So, the question is, can we use dyn return types to help with async function in traits? Continuing with my example from my previous post, if you have an AsyncIterator trait…

trait AsyncIterator {
    type Item;
    
    async fn next(&mut self) -> Option<Self::Item>;
}

…the idea is that calling next on a dyn AsyncIterator type would yield dyn Future<Output = Option<Self::Item>>. Therefore, one could write code like this:

fn use_dyn(di: &mut dyn AsyncIterator) {
    di.next().box.await;
    //       ^^^^
}

The expression di.next() by itself yields a dyn Future. This type is not sized and so it won’t compile on its own. Adding .box produces a Box<dyn AsyncIterator>, which you can then await.3

Compared to the Boxing adapter I discussed before, this is relatively straightforward to explain. I’m not entirely sure which is more convenient to use in practice: it depends how many dyn values you create and how many methods you call on them. Certainly you can work around the problem of having to write .box at each call-site via wrapper types or helper methods that do it for you.

Complication: dyn AsyncIterator does not implement AsyncIterator

There is one complication. Today in Rust, every dyn Trait type also implements Trait. But can dyn AsyncIterator implement AsyncIterator? In fact, it cannot! The problem is that the AsyncIterator trait defines next as returning impl Future<..>, which is actually shorthand for impl Future<..> + Sized, but we said that next would return dyn Future<..>, which is ?Sized. So the dyn AsyncIterator type doesn’t meet the bounds the trait requires. Hmm.

But…does dyn AsyncIterator have to implement AsyncIterator?

There is no “hard and fixed” reason that dyn Trait types have to implement Trait, and there are a few good reasons not to do it. The alternative to dyn safety is a design like this: you can always create a dyn Trait value for any Trait, but you may not be able to use all of its members. For example, given a dyn Iterator, you could call next, but you couldn’t call generic methods like map. In fact, we’ve kind of got this design in practice, thanks to the where Self: Sized hack that lets us exclude methods from being used on dyn values.

Why did we adopt object safety in the first place? If you look back at RFC 255, the primary motivation for this rule was ergonomics: clearer rules and better error messages. Although I argued for RFC 255 at the time, I don’t think these motivations have aged so well. Right now, for example, if you have a trait with a generic method, you get an error when you try to create a dyn Trait value, telling you that you cannot create a dyn Trait from a trait with a generic method. But it may well be clearer to get an error at the point where you to call that generic method telling you that you cannot call generic methods through dyn Trait.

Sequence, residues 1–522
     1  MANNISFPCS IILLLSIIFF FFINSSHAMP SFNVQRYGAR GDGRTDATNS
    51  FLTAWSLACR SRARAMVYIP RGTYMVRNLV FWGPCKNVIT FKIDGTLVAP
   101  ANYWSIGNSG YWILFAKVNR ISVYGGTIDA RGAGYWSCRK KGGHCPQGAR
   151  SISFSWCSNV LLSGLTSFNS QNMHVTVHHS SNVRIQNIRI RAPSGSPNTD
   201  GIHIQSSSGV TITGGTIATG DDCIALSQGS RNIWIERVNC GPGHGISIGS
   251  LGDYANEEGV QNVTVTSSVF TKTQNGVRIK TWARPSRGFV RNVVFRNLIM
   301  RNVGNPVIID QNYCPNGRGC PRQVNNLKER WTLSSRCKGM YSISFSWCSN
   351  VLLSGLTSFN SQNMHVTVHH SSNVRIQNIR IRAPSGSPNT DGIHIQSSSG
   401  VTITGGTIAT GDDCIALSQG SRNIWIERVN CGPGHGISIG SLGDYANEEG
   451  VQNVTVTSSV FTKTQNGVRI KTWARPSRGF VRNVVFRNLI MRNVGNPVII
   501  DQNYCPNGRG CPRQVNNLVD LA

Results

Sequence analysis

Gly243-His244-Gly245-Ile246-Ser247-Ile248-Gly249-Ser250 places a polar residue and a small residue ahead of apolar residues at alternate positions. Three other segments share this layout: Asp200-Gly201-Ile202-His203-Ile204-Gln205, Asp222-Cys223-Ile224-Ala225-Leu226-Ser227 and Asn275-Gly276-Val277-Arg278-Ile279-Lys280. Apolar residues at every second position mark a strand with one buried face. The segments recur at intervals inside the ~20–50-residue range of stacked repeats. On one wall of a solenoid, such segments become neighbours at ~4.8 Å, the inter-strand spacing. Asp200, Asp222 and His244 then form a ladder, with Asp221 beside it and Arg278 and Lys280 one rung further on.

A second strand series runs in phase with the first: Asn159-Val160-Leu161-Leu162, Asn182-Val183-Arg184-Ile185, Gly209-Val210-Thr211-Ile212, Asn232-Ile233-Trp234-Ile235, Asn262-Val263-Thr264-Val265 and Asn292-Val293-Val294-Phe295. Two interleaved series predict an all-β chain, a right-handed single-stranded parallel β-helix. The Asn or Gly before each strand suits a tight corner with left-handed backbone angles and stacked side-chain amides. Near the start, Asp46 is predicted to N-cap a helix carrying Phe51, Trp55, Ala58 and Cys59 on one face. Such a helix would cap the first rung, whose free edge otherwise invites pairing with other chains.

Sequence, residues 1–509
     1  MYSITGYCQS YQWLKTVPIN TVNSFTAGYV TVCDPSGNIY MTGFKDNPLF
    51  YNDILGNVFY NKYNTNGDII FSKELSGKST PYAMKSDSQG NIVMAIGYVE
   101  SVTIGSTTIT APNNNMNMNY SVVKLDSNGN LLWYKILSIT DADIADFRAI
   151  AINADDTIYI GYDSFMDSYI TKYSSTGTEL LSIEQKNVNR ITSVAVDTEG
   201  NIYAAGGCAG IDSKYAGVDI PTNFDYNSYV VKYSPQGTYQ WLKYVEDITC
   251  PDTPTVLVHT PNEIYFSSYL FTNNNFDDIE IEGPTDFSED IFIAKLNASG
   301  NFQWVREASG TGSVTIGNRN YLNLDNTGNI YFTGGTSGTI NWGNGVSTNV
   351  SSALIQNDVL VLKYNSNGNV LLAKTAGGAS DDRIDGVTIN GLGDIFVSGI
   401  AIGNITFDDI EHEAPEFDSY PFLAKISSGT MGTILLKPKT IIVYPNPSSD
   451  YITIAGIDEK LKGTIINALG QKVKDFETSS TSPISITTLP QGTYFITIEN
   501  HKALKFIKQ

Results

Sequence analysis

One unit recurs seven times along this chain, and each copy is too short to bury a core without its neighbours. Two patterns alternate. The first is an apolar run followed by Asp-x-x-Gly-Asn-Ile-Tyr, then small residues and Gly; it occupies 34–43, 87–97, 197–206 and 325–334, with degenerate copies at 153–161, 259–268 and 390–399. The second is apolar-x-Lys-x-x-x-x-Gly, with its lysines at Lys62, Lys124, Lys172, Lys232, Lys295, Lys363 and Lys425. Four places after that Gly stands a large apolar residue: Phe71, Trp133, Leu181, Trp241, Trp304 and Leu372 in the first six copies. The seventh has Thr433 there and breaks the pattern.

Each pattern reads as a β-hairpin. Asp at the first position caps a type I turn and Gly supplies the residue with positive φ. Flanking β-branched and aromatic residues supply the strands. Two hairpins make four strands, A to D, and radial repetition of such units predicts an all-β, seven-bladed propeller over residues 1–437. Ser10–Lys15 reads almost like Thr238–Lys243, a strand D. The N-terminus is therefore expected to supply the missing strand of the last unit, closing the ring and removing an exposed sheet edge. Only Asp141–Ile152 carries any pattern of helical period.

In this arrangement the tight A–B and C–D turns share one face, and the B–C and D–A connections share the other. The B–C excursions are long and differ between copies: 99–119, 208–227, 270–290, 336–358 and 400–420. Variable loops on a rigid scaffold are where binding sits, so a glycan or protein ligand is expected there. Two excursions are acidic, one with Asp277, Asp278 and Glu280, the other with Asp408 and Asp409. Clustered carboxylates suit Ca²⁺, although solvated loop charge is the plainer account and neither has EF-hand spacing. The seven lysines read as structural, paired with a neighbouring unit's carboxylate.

Another motivation for having dyn Trait implement Trait was that one could write a generic function with T: Trait and have it work equally well for object types. That capability is useful, but because you have to write T: ?Sized to take advantage of it, it only really works if you plan carefully. In practice what I’ve found works much better is to implement Trait to &dyn Trait.

What would it mean to remove the rule that dyn AsyncIterator: AsyncIterator?

I think the new system would be something like this…

  • You can always4 create a dyn Foo value. The dyn Foo type would define inherent methods based on the trait Foo that use dynamic dispatch, but with some changes:
    • Async functions and other methods defined with -> impl Trait return -> dyn Trait instead.
    • Generic methods, methods referencing Self, and other such cases are excluded. These cannot be handled with virtual dispatch.
  • If Foo is object safe using today’s rules, dyn Foo: Foo holds. Otherwise, it does not.5
    • On a related but orthogonal note, I would like to make a dyn keyword required to declare dyn safety.

Implications of removing that rule

This implies that dyn AsyncIterator (or any trait with async functions/RPITIT6) will not implement AsyncIterator. So if I write this function…

fn use_any<I>(x: &mut I)
where
    I: ?Sized + AsyncIterator,
{
    x.next().await
}

…I cannot use it with I = dyn AsyncIterator. You can see why: it calls next and assumes the result is Sized (as promised by the trait), so it doesn’t add any kind of .box directive (and it shouldn’t have to).

What you can do is implement a wrapper type that encapsulates the boxing:

struct BoxingAsyncIterator<'i, I> {
    iter: &'i mut dyn AsyncIterator<Item = I>
}

impl<I> AsyncIterator for BoxingAsyncIterator<'i, I> {
    type Item = I;
    
    async fn next(&mut self) -> Option<Self::Item> {
        self.iter.next().box.await
    }
}

…and then you can call use_any(BoxingAsyncIterator::new(ai)).7

Limitation: what if you wanted to do stack allocation?

One of the goals with the previous proposal was to allow you to write code that used dyn AsyncIterator which worked equally well in std and no-std environments. I would say that goal was partially achieved. The core idea was that the caller would choose the strategy by which the future got allocated, and so it could opt to use inline allocation (and thus be no-std compatible) or use boxing (and thus be simple).